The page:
Upgrades to the engine and transmission, improved aerodynamics, a power-saving electric fuel pump and low-rolling resistance tyres have helped cut the updated Insight’s economy by 6.5 percent. It is now officially rated at 4.3 litres per 100km on the combined cycle, putting it 0.4L/100km off the pace of its key hybrid rival, the Toyota Prius.
First seen at the 2011 Frankfurt motor show in September, the 2012 Honda Insight gets a new illuminated grille, LED daytime running lights, redesigned front bumper and revised tail-lights.
Honda has attempted to tackle one of the big criticisms of the old model by taking a number of steps to improve rear visibility. The 2012 model features a thinner tailgate spoiler, revised roof lining, a new rear wiper motor and a longer wiper blade.
Inside, the new Insight benefits from a centre console storage bin and armrest, refreshed meters and gauges, new front headrests and upgraded seat materials. The new roof liner and upgraded seat design has also improved rear-seat headroom by 20mm.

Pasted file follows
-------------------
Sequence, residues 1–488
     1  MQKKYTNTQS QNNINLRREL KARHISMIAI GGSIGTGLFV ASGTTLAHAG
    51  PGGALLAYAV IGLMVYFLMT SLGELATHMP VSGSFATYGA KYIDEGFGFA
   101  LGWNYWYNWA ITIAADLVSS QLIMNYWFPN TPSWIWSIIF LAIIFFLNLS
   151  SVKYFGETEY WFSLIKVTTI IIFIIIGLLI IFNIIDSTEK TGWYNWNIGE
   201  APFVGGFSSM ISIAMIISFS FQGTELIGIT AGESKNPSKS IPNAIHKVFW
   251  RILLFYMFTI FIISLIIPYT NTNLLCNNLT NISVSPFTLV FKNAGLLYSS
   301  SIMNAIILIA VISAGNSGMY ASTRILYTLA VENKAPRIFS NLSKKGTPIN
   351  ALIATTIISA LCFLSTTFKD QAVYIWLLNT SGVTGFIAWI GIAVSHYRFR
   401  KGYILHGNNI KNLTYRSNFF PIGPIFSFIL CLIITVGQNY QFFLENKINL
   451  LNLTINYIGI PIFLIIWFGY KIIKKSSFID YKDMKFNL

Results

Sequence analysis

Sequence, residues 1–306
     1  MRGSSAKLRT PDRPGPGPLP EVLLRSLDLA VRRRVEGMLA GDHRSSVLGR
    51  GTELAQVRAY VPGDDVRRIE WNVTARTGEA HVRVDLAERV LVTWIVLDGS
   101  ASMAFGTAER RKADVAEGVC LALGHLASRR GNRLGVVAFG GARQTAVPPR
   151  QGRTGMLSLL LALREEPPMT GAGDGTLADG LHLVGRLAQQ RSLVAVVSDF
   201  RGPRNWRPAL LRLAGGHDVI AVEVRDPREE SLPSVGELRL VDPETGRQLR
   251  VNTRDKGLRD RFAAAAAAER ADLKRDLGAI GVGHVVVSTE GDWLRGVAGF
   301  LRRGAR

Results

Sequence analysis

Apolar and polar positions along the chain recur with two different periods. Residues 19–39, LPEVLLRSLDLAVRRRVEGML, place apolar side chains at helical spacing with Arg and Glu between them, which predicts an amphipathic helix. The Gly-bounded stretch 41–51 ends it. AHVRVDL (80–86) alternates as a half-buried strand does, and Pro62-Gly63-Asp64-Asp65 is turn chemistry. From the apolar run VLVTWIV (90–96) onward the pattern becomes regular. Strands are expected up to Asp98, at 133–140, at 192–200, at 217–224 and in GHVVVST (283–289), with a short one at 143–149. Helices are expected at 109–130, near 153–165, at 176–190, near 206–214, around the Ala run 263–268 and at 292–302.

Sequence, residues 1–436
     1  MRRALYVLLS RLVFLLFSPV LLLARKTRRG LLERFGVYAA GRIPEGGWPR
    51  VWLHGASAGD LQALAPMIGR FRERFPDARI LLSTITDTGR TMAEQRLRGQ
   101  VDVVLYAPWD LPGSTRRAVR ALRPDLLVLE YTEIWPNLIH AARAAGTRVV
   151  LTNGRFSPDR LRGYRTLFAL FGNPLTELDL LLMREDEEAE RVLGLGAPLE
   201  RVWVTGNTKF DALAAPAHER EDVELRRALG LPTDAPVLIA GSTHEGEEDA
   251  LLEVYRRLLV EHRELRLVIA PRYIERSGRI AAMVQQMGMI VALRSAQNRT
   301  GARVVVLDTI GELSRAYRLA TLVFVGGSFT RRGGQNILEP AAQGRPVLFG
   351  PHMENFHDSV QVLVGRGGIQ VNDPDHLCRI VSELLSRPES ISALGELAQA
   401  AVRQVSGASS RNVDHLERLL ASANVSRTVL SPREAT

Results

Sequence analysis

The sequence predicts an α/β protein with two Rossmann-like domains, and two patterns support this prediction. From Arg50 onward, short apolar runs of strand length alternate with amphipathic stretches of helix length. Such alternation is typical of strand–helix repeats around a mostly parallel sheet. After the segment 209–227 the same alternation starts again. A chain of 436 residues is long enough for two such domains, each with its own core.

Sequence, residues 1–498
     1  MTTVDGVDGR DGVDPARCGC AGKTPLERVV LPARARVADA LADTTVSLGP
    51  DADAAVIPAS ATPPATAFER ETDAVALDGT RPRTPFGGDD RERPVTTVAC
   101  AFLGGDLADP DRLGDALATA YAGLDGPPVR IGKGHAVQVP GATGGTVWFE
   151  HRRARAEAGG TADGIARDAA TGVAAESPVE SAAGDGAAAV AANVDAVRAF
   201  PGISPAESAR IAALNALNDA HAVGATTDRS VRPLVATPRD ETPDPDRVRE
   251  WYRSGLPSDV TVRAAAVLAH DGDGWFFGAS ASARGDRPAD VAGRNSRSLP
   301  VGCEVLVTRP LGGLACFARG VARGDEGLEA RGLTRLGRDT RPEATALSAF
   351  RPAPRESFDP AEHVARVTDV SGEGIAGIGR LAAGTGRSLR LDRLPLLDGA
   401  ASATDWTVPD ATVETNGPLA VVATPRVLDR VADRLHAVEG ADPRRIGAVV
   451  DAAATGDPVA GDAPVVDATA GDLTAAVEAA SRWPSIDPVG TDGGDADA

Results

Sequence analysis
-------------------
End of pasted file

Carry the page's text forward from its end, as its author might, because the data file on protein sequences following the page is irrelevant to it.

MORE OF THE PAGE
The two existing model variants carry over with their prices unchanged. The $29,990 Insight VTi scores new wing mirrors with side indicators and integrated Bluetooth with steering wheel-mounted controls, while the insight VTi-L adds a leather-bound gear knob.
Two new colours have been added to the palette: Premium White and Carnelian Red (pictured).
Honda Australia will be hoping the updates can help Insight sales turn around having more than halved so far this year compared with the first five months of 2011 – down from 275 to 124.
The Insight lost its title as Australia’s cheapest hybrid in March when Toyota launched the Yaris-sized Prius C from $23,990. So far this year, 652 Prius C hybrids have been registered in Australia – more than five times that of the Insight.
Sales of the larger Toyota Prius, priced from $34,990, have also increased almost 70 per cent this year, up to 443.